By
**Thom Parker** – *July 2, 2006*

**Scope:** All Acrobat versions

**Skill Level: **Beginner

**Prerequisites: **Familiarity with Acrobat Professional

Acrobat provides three options for creating form-field calculations:

- Predefined calculations
- Simplified field notation
- Custom JavaScript calculations

In reality, all three are JavaScript, but for the first two, Acrobat builds the JavaScript code for us. Calculations are only available for text fields and are accessed through the **Text Field Properties** dialog.

To enter a calculation:

- Activate the
**Select Object Tool**. In Acrobat 9 and earlier, this tool is accessed on the**Advanced Editing**toolbar. In Acrobat X, it is available in both normal operating mode and in form edit mode. Figure 1 shows screen shots of both modes.

- Right-click the cursor on the text field where the calculation result will be displayed and select
**Properties**from the popup menu. This action displays the**Text Field Properties**dialog (**Figure 2**).

- On the
**Text Field Properties**dialog, select the**Calculate**tab. - Select the desired calculation option: Predefined, Simplified field notation, or Custom calculation script.
- Enter the actual calculation data. This data will, of course, be different for each of the different types of calculations. The accompanying example file, SimpleCalcExample.pdf has one example for each.

Predefined calculations

The first option on the **Calculate** tab is for the predefined calculations. To use this option, simply select one of the calculations from the drop-down list, click on the **Pick… **button and select the fields to be used as inputs (**Figure 2**).

The predefined calculations are rather limited, for example, there is no division or subtraction. The **simplified field notation** allows the creation of much more complex calculations. It uses a notation similar to how a calculation would ordinarily be written, i.e., using the regular math symbols, + (addition), -(subtraction), *(multiplication) and /(division). Field names are used as operands. In the example file the equation:

**D = (A + B)/C**

is calculated by entering (**Figure 3**)

(Calc2_A + Calc2_B) / Calc2_C

Where **Calc2_A**, **Calc2_B**, **Calc2_C** are the names of text fields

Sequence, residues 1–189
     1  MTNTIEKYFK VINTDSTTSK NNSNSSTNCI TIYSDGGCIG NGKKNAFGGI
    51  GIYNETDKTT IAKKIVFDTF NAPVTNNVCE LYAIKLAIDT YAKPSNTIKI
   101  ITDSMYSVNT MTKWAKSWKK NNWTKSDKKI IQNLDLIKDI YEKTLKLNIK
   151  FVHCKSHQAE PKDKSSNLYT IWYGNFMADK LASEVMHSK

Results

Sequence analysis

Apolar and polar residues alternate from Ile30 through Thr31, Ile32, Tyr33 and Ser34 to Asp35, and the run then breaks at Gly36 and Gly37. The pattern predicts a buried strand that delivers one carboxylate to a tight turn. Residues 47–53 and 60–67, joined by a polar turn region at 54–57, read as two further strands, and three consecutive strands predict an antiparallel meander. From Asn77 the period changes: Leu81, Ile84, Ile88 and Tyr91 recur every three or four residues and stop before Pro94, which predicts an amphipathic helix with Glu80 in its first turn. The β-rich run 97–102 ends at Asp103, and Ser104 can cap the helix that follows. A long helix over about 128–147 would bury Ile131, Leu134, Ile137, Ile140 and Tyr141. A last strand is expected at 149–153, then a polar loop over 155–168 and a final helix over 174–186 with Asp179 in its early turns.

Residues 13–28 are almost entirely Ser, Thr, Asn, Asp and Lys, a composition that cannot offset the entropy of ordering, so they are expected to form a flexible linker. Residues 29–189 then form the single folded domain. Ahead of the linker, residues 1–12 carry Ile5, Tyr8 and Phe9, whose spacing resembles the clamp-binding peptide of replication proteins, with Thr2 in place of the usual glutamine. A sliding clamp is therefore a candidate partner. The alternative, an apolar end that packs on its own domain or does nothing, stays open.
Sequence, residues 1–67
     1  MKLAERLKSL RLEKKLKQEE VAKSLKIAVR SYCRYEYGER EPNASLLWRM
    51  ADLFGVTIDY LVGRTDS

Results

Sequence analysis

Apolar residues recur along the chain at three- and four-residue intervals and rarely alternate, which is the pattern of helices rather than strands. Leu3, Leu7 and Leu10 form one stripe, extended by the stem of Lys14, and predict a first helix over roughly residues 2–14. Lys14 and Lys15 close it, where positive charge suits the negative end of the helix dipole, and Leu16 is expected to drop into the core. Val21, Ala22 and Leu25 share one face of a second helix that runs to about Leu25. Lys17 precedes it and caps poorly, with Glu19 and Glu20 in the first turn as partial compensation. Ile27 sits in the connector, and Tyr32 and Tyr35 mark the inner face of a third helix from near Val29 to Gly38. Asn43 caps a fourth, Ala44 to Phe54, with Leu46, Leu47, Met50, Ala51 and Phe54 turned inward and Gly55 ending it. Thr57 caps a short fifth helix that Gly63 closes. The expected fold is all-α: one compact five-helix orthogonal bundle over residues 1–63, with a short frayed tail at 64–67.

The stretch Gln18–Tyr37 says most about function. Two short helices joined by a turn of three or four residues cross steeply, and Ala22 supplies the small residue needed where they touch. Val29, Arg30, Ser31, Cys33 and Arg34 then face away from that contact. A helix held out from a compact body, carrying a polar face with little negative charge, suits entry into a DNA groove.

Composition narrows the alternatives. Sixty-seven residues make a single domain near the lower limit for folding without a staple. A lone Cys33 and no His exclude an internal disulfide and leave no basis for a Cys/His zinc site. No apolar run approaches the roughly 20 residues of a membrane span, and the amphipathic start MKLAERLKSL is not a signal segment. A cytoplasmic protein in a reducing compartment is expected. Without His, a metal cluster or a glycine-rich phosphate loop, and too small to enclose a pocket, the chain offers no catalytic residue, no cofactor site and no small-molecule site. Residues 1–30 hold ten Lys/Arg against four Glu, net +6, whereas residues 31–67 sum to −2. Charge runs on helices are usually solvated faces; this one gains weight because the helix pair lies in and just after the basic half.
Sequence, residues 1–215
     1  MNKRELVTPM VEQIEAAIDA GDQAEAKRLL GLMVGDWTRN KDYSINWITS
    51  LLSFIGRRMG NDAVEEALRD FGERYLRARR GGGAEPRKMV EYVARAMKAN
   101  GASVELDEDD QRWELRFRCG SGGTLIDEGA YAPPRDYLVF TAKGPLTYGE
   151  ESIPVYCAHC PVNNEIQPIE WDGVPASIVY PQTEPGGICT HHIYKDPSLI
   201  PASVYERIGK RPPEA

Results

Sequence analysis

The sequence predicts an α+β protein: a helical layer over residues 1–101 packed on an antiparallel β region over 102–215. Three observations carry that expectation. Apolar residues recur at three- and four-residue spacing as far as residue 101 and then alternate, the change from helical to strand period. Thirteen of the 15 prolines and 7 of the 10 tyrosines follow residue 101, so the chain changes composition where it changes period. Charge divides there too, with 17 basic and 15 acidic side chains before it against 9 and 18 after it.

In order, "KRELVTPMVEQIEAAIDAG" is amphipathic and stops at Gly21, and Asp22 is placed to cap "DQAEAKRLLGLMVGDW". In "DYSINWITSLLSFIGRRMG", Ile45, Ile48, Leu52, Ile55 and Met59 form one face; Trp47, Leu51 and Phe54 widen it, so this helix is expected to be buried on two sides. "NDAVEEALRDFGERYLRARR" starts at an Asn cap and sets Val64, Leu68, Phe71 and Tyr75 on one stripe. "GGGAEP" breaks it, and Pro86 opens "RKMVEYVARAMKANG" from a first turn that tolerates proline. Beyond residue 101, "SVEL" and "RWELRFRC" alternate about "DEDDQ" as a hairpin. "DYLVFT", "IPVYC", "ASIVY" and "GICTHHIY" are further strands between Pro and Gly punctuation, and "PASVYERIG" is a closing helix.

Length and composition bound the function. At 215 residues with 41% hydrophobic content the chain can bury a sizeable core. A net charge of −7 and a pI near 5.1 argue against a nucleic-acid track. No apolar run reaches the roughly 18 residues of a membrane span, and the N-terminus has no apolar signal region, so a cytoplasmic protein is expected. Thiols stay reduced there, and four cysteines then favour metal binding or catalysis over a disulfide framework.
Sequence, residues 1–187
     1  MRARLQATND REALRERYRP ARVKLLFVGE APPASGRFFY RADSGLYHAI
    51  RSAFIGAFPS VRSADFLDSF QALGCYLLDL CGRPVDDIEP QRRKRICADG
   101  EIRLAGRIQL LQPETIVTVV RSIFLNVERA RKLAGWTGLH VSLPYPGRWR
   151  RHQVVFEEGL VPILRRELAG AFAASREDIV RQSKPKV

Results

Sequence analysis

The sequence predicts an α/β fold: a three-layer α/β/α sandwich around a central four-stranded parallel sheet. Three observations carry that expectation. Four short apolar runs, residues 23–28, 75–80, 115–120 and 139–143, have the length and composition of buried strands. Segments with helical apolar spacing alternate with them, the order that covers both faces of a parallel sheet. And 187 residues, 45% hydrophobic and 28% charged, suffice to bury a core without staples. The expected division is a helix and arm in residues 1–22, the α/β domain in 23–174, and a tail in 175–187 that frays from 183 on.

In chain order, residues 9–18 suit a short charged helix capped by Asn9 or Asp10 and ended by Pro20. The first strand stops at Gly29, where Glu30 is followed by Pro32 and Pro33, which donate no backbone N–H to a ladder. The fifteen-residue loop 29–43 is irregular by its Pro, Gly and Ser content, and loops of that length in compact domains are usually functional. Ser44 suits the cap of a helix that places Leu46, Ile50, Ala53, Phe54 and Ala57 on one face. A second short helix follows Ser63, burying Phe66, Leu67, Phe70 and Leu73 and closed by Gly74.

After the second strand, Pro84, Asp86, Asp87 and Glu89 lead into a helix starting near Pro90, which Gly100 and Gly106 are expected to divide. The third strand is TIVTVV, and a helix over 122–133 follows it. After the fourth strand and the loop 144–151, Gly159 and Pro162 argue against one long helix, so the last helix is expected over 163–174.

This notation is limited to calculations that only use the standard four math operators. It also does not handle form field names that include punctuation or spaces. Special characters are, in fact, the main reason calculations using this method fail, so let me repeat the restriction again. Simplified field notation cannot operate on any field name that includes spaces or punctuation.

To create more complex logic or mathematics the third option,** Custom calculation script** must be used. This option requires entering JavaScript and gives full access to all the fields (and other features) on the PDF file, as well as the rich math features in the JavaScript language. However, it also requires use of the full Acrobat JavaScript syntax which makes the calculations significantly longer. For example, the following code solves the same equation used in the simplified field notation example above.

event.value = ( this.getField("Calc2_A").value + this.getField("Calc2_B").value ) / this.getField("Calc2_C").value;

The first thing to notice is that the calculated value is assigned the variable **event.value**. The value of this variable is assigned to the field when the calculation is completed. All calculation scripts must assign a value to the** event.value** variable. The second thing to note is that the input field values are explicitly acquired. Take for example the input value

this.getField("Calc2_A").value

The first part of this code segment, this.getField("Calc2_A"), acquires the Field Object for the field named **Calc2_A**. The actual value for the field is obtained from the **value** property. Even experienced JavaScript programmers sometimes forget to append the **value** property, so watch out for this common omission and carefully inspect all the code.

While this is all you need to know to get started using calculations in Acrobat forms, there is more. If you want to use advanced features or do something more complex than described in the example file SimpleCalcExample.pdf , can find information in both the *Acrobat JavaScript Scripting Reference*^{1}. You may also want to look up the core JavaScript **Math** object, which provides details on advance mathematical functions. Find information on this object in any standard JavaScript reference, or on line at the Mozilla developer site.